Referring again to FIG. 8, side mount bracket 96 contains three holes 108, 110, and 112. Holes 108 and 110 fit carriage bolts that secure side mount bracket 96 to side lip 94 of step 90. Carriage bolt 98 is inserted through hole 112. Side mount bracket 96 serves simply to extend the position of bolt 98 beyond the front of step 90, thus ensuring that lower rail 20 does not contact the wall of the RV when handrail 10 is in its retracted position. Side mount bracket 96 may be made of a flat steel bar. A typical length of side mount bracket 96 is between five and seven inches. Front end 114 of side mount bracket 96 is preferably rounded and smooth, so that any inadvertent contact with side mount bracket 96 by a user is relatively safe.

The tread mount embodiment of the lower bracket is illustrated in FIG. 11, along with upper rail 18 and lower rail 20. In the tread mount embodiment, the lower bracket is attached to the bottom of the lowest step of the stairs. Also shown in cross section is an RV step 120. Typically, RV step 120, which is the lowest step of the stairs, contains a tread portion 122, a side lip 124, and a front lip (not shown). The front lip extends down from tread 122 in a manner similar to the one in which side lip 124 extends down. A tread mount bracket 126, shown in FIG. 12, extends from tread 122. Tread mount bracket 126 contains a tread portion 128, a sloped portion 130, a twisted portion 132, and a front edge 134. Each portion is labeled in FIG. 11. Tread mount bracket 126 serves a similar purpose as side mount bracket 96: it pivotally secures lower rail 20 to step 120 and extends the point of securing away from the RV. Tread mount bracket 126 can be made of a flat steel bar. Bolts 142 inserted through holes 136 and 138 secure tread mount bracket 126 to tread 122.

Referring again to FIG. 11, a carriage bolt 144 is inserted through a hole 140 in tread mount bracket 126, and then through a spacer 146, a jam nut 147, and two bearings 148 and 150. Bearings 148 and 150 are preferably bronze and are inserted into hole 54 of lower rail 20. As in the side mount embodiment, bearings 148 and 150 provide for smooth rotation of lower rail 20 with respect to carriage bolt 144. Bolt 144 is secured by lock nuts 152 and 154. Lock nut 154 preferably also contains a nylon insert. Spacer 146 is similar to spacer 100 of FIG. 9, but is typically longer, such as 2½ inches, in order to provide vertical alignment between wall end 22 of upper rail 18 and step end 28 of lower rail 20.

It will be clear to one skilled in the art that the above embodiment may be altered in many ways without departing from the scope of the invention. For example, different upper and lower brackets may be used to pivotally secure handrail 10 to the vehicle. Handrail 10 may be advantageously manufactured from newly developed materials that are strong, lightweight, easy to machine, and attractive. Comfortable hand grips may be added to the outside surface of upper rail 18. Accordingly, the scope of the invention should be determined by the following claims and their legal equivalents.

Claims (19)

What is claimed is:
1. A retractable handrail comprising:
a) an extended upper rail having a wall end and a bottom end, said wall end being pivotally attached to an outer wall of a recreational vehicle adjacent to a door, said extended upper rail comprising a bend having an obtuse angle of approximately 150°, said bend being disposed near said wall end of said extended upper rail; and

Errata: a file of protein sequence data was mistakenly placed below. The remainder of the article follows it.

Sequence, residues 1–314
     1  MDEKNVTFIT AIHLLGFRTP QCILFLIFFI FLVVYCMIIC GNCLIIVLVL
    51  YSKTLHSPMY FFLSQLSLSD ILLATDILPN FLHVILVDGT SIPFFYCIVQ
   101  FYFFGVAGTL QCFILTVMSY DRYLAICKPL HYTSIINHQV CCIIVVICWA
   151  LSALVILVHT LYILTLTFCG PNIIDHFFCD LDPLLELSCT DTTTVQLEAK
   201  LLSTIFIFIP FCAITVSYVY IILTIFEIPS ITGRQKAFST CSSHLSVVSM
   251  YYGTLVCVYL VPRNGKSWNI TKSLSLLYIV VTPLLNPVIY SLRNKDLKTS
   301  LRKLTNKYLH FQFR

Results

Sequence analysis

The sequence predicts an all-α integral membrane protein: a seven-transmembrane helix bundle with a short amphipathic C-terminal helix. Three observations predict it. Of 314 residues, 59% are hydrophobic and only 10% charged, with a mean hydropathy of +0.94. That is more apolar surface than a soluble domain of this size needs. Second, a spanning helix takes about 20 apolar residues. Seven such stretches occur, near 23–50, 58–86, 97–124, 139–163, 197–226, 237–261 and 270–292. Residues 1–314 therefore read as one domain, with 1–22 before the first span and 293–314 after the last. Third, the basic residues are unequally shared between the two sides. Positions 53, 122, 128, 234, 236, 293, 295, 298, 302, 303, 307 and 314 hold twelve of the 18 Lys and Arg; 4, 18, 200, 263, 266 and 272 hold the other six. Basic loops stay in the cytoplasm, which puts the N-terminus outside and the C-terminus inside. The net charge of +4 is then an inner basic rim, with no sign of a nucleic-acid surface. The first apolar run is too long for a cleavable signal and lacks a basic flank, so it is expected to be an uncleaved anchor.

b) an extended lower rail having a top end and a step end pivotally attached to retractable stairs, said top end being telescopingly engaged with said bottom end of said upper rail;
whereby extension of said stairs causes extension of said handrail, and retraction of said stairs causes retraction of said retractable handrail.
2. The retractable handrail of claim 1 wherein said step end of said lower rail and said wall end of said upper rail are in substantial vertical alignment when said retractable handrail is attached to said vehicle and in a retracted position.
3. The retractable handrail of claim 1 wherein said upper rail has a length of between two and five feet.
4. The retractable handrail of claim 1 wherein said lower rail has a length of between two and three feet.
5. The retractable handrail of claim 1 wherein said upper rail is tubular and said lower rail is telescopingly engaged within said upper rail.
6. The retractable handrail of claim 5, further comprising at least one spacer secured around said lower rail near said top end that remains within said upper rail during extension and retraction of said handrail.
7. The retractable handrail of claim 1 wherein said lower rail is tubular and said upper rail is telescopingly engaged within said lower rail.
8. The retractable handrail of claim 1 wherein said upper rail has a circular cross section.
9. The retractable handrail of claim 1 wherein said lower rail has a circular cross section.
10. The retractable handrail of claim 1, further comprising means for pivotally attaching said wall end of said upper rail to said outer wall of said recreational vehicle.
11. The retractable handrail of claim 10 wherein said means for pivotally attaching said wall end comprises an upper bracket pivotally attached to said wall end of said upper rail.
12. The retractable handrail of claim 1, further comprising means for pivotally attaching said step end of said lower rail to said stairs of said recreational vehicle.
13. The retractable handrail of claim 12 wherein said means for pivotally attaching said step end comprises a lower bracket pivotally attached to said step end of said lower rail.
14. The retractable handrail of claim 13 wherein said lower bracket comprises means for fixing said lower bracket to a lowest step of said stairs.
15. The retractable handrail of claim 13 wherein said lower bracket comprises means for fixing said lower bracket to a side of said stairs.
16. The retractable handrail of claim 13 wherein said lower bracket comprises means for fixing said lower bracket to a bottom of said stairs.
17. The retractable handrail of claim 1 wherein said retractable handrail is made of metal.
18. The retractable handrail of claim 17 wherein said retractable handrail is made of steel.
19. The retractable handrail of claim 1 wherein said retractable handrail extends at most six inches from said outer wall when said retractable handrail is attached to said vehicle and in a retracted position.